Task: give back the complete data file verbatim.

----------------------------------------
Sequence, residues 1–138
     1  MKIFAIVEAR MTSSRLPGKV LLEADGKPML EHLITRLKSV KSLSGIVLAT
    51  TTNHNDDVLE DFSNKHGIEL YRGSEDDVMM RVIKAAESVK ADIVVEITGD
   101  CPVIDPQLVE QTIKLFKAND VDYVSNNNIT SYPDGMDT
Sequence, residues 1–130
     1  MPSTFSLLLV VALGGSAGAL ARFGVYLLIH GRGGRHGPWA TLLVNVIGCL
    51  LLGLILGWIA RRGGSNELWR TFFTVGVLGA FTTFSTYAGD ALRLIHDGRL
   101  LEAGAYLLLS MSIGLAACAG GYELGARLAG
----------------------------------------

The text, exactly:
Sequence, residues 1–138
     1  MKIFAIVEAR MTSSRLPGKV LLEADGKPML EHLITRLKSV KSLSGIVLAT
    51  TTNHNDDVLE DFSNKHGIEL YRGSEDDVMM RVIKAAESVK ADIVVEITGD
   101  CPVIDPQLVE QTIKLFKAND VDYVSNNNIT SYPDGMDT
Sequence, residues 1–130
     1  MPSTFSLLLV VALGGSAGAL ARFGVYLLIH GRGGRHGPWA TLLVNVIGCL
    51  LLGLILGWIA RRGGSNELWR TFFTVGVLGA FTTFSTYAGD ALRLIHDGRL
   101  LEAGAYLLLS MSIGLAACAG GYELGARLAG